The ISC-squared is actually kind of vague about what does or doesn't constitute "relevant work experience." My information from other CISSPs is that you have to be able to make the case that your work somehow involves security; better yet, you'll want to include specific details about your duties, activities, tasks you've performed and so forth that include chronology, duration and as much descriptive information as possible. I'm told that anybody who can demonstrate that as little as 10-15% of their overall effort is security related over three or more years is usually a shoo-in when it comes to meeting that requirement. If you have friend or colleagues who are already CISSPs, you can also get them to write supporting letters on your behalf.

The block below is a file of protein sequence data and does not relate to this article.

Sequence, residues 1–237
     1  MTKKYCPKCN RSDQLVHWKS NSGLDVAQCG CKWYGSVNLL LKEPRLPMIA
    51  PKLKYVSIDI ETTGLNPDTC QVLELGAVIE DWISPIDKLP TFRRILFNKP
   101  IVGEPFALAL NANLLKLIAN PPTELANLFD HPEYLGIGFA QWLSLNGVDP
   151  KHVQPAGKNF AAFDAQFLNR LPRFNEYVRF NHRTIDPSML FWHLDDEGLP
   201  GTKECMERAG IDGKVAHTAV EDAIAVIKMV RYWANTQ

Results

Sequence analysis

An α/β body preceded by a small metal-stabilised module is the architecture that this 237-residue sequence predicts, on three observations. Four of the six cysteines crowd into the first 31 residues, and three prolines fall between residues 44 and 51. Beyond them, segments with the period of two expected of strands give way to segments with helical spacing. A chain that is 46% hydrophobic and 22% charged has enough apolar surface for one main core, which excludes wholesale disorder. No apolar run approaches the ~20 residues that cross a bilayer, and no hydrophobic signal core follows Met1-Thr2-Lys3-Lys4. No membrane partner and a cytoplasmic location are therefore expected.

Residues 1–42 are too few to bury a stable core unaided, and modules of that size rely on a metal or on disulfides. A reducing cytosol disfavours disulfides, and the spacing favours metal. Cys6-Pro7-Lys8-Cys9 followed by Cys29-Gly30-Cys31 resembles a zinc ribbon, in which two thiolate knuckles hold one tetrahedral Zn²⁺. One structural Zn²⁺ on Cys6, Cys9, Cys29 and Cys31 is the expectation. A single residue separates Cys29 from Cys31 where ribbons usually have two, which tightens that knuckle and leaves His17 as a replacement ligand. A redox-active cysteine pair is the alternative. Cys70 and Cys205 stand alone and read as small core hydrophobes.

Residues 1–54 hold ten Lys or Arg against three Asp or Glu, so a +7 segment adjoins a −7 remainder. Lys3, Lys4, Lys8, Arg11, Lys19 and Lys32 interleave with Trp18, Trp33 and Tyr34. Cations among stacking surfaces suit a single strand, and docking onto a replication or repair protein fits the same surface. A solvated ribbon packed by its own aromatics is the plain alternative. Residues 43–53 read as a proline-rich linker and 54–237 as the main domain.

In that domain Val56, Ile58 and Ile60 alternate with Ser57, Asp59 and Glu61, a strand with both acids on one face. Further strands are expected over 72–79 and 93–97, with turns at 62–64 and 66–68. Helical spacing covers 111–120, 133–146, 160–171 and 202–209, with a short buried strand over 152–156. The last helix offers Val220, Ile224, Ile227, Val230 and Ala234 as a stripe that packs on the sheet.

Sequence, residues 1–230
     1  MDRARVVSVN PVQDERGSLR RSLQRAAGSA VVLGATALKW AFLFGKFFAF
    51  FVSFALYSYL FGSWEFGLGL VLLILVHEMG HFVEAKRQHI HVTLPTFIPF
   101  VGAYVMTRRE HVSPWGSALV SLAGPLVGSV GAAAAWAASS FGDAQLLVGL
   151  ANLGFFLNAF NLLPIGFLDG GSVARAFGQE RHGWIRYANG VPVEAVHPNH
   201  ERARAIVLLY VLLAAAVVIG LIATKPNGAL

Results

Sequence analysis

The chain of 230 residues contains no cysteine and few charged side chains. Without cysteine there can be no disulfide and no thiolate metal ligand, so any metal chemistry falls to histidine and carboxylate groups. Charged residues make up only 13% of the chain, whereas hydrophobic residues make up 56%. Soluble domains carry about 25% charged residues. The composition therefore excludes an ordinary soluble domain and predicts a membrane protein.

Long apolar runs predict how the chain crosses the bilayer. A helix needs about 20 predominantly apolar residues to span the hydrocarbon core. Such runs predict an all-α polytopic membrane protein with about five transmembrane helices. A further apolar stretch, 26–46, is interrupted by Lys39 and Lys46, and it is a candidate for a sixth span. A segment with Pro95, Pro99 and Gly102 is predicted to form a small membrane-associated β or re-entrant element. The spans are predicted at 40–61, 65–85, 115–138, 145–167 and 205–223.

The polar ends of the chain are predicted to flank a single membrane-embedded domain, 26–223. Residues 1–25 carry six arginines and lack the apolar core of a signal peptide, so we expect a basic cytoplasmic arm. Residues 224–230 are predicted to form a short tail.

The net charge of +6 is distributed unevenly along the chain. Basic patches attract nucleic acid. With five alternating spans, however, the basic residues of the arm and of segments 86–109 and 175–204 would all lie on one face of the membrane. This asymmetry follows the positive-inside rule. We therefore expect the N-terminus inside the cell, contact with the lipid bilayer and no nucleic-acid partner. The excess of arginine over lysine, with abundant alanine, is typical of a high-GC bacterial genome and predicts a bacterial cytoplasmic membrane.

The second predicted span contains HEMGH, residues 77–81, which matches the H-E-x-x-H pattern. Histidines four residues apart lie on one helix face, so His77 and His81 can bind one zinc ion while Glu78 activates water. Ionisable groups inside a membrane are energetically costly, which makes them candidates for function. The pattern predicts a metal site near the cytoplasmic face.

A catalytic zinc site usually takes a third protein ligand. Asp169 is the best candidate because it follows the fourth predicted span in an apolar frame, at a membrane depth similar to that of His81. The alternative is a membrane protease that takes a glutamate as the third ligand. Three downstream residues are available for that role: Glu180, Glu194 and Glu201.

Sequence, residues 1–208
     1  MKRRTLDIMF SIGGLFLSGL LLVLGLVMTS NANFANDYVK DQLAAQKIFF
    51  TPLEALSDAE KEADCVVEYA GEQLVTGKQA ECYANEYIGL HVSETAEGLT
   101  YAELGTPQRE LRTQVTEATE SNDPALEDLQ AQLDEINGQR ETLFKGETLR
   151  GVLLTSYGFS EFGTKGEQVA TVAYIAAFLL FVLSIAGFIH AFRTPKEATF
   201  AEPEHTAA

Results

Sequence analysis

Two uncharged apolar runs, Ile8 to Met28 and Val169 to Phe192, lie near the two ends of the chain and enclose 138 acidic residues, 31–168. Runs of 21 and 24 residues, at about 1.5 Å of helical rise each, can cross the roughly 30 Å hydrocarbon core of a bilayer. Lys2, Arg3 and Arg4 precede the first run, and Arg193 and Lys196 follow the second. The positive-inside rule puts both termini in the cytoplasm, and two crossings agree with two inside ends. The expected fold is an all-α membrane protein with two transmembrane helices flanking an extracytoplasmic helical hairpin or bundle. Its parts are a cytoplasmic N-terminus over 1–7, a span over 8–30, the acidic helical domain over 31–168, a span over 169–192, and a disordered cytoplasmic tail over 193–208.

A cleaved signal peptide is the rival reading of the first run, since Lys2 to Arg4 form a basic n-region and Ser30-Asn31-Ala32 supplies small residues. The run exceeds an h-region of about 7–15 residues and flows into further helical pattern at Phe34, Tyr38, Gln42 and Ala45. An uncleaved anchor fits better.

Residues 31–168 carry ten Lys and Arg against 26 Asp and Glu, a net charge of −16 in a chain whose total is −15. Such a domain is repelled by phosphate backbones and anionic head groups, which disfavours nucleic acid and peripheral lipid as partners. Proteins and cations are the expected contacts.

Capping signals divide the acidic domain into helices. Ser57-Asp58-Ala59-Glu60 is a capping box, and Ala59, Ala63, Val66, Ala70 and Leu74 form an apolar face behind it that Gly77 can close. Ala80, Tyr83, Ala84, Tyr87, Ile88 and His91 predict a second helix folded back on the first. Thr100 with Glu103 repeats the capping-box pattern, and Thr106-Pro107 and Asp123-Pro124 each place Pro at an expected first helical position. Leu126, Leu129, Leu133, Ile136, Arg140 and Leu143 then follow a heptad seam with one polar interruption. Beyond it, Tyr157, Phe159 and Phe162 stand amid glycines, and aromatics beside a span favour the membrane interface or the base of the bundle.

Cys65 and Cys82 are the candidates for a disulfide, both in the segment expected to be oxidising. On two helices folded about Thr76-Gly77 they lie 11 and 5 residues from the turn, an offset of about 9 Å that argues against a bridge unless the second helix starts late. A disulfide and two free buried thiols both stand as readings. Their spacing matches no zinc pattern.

The examiners usually go by a combination of how believable and coherent your own experience narrative is, but they will also weigh testimony from other CISSPs on your behalf as well.
I didn't get a strong sense of direct security involvement in your ever so brief list of positions, so you'll have to make a case for the security experience you gained in various aspects of those jobs.
For more information on this topic, visit these other resources on SearchSecurity:
Careers and Certification Tip: Security certification -- CISSP
Ask the Expert: The ten areas of the CISSP Common Body of Knowledge
Ask the Expert: Advice on preparing for the CISSP
This was first published in July 2002